Phantom of the Opera at The Fox.
Phantom of the Opera at The Fox.

By Manning Harris

The Fifth Third Bank’s Broadway in Atlanta series has brought “The Phantom of the Opera” back to the Fox, where it will run through Nov.  2.

The Phantom last visited us in 2010, in what we were told was a “farewell tour.” I doubted that then, and here we are, with the Fox once more doubling as the grand old Paris Opera House.

You probably know that “Phantom” is the longest running show in Broadway history—over 25 years and still playing. In terms of world wide sales, it’s also the most successful. For sheer lush theatricality, soaring music, and tragic, grand romance it is unsurpassed.

There are those who don’t care for much for composer Andrew Lloyd Webber; makes no difference. It’s like a gnat gnawing at Mount Everest: “The Music of the Night,” “The Phantom of the Opera,” “All I Ask of You,” and “Wishing You Were Somehow Here Again” are now timeless, beloved anthems that will outlast us all.

However, I must issue some caveats: Original designer Maria Bjornson has died and super-producer Cameron Mackintosh says that before she passed, “She and I discussed a different set design, one that would do more to contrast the Phantom’s darker backstage world with that of the traditional opera world onstage.”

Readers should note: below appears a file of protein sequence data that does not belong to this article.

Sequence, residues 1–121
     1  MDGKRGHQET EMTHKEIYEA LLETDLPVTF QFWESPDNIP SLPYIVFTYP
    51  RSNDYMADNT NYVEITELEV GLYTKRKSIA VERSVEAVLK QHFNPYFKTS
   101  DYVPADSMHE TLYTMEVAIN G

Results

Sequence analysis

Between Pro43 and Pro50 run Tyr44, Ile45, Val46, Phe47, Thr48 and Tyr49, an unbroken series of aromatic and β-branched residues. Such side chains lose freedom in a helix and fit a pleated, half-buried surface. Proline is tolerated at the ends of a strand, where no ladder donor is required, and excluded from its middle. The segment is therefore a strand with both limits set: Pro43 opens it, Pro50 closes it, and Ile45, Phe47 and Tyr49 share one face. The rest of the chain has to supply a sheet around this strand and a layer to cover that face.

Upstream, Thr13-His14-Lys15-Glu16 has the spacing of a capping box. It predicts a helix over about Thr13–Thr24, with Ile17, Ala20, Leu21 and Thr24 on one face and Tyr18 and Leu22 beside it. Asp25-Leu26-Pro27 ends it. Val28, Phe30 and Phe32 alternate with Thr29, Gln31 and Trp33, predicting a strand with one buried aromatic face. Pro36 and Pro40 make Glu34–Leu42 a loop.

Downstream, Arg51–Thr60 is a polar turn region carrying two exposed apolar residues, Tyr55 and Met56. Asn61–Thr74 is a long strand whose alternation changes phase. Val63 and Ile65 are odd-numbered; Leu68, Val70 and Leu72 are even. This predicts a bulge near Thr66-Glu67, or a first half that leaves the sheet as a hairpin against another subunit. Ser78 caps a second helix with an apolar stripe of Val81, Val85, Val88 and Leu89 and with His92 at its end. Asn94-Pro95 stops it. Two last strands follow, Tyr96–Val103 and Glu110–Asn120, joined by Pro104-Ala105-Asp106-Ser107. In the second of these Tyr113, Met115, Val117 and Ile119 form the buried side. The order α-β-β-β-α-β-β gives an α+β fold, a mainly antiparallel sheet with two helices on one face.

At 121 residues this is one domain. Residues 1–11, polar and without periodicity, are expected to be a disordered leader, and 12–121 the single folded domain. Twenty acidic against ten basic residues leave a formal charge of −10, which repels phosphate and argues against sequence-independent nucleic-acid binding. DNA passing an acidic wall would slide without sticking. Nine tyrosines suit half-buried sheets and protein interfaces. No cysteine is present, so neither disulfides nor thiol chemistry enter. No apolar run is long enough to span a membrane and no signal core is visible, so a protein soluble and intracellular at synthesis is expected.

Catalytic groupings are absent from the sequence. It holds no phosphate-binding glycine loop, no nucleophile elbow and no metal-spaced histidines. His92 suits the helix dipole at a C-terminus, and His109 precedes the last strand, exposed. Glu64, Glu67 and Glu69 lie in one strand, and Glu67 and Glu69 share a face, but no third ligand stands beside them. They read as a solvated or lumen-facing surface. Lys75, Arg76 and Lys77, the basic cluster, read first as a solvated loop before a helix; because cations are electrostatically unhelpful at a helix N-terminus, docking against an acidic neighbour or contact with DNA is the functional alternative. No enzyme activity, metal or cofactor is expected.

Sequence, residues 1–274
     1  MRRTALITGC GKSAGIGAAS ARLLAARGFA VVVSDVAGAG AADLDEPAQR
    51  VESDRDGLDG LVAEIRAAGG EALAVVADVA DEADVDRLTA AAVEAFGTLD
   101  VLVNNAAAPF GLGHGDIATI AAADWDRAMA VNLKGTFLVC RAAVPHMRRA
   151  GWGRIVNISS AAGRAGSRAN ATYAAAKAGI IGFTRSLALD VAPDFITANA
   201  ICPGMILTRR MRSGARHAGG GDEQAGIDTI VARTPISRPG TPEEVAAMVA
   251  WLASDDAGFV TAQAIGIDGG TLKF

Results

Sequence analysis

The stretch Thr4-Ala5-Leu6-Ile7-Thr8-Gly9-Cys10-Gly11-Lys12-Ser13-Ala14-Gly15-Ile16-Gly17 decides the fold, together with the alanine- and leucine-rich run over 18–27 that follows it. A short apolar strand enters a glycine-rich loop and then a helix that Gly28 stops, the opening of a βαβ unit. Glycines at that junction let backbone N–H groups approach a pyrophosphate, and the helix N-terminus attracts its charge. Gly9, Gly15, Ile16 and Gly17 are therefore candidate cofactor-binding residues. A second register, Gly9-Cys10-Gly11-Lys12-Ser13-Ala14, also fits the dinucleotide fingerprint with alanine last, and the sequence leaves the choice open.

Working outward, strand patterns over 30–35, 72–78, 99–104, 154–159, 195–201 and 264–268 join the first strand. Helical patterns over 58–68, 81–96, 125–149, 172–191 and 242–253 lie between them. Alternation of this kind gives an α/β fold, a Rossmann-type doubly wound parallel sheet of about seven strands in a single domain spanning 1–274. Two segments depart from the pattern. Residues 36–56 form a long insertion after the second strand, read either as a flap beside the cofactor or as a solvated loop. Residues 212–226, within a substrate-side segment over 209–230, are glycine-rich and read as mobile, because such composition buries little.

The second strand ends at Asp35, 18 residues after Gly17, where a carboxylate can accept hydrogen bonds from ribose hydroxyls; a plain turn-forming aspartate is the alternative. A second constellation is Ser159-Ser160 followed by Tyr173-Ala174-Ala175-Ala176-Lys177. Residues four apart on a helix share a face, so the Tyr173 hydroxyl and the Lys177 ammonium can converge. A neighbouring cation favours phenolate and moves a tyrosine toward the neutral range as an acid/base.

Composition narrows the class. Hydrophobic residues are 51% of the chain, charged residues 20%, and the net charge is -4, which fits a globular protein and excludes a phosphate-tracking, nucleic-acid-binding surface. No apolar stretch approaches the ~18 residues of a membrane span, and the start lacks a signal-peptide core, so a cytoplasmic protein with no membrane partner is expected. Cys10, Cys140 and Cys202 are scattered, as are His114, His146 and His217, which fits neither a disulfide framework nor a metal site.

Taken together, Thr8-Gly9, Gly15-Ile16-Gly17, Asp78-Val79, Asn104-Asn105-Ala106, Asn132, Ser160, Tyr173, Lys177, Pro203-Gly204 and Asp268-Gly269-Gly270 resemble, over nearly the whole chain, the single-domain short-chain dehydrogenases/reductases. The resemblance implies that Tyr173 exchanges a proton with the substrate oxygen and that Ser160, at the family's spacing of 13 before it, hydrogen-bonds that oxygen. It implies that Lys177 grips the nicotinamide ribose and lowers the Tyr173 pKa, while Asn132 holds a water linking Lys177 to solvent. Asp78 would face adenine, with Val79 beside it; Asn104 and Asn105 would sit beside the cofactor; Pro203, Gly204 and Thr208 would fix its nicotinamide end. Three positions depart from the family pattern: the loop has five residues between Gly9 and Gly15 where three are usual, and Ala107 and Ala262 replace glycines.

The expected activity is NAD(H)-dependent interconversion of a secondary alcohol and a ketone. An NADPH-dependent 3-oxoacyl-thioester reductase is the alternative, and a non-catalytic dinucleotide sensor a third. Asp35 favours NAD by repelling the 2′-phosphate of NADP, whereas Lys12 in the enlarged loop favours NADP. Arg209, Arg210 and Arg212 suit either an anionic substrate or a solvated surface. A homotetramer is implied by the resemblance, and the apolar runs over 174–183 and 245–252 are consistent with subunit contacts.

Also, Mackintosh says that Webber and he decided that it was time to give the show a “fresh look.”

Uh-oh. You don’t argue with success—make that mega-success. You don’t repaint the Mona Lisa, as my companion said the evening we saw the show.

I must report that I don’t like any of the changes. I am among “Phantom’s” longtime fans, having seen it on Broadway in 1989, just a year after it opened. Also, I must say that the 2010 touring show I mentioned earlier was close to perfection in cast and execution—it was truly breathtaking.

More ominous still, associate director Seth Sklar-Heyn reports that the actors have had a “certain freedom to put an individual stamp on their characters,” according to Julie Bookman’s article in the program.

Quite frankly, the actors here aren’t up to that. Cooper Grodin’s Phantom seems tentative in crucial moments when he should be anything but. The same can be said, to a lesser extent, to Julia Udine’s Christine. It’s as if new director Lawrence Connor has sort of left them on their own.

It’s as though the main characters, and the show itself, have become doppelgangers of their original selves. The brilliant number “Masquarade,” which opens Act II, used to have a grand staircase for the gloriously costumed celebrants; that’s gone. The fabulously draped, lush theatrical curtains, which hide the stage when the audience enters, have been replaced by a cobweb!

Okay, if you’ve never seen the show, I think you’ll still be entranced; “Phantom” has too many thrill factors in its favor, too many exotic visual treats. The orchestra is lovely; the voices still soar. And I still tear up at “Wishing You Were Somehow Here Again,” as I think about some good friends who are gone.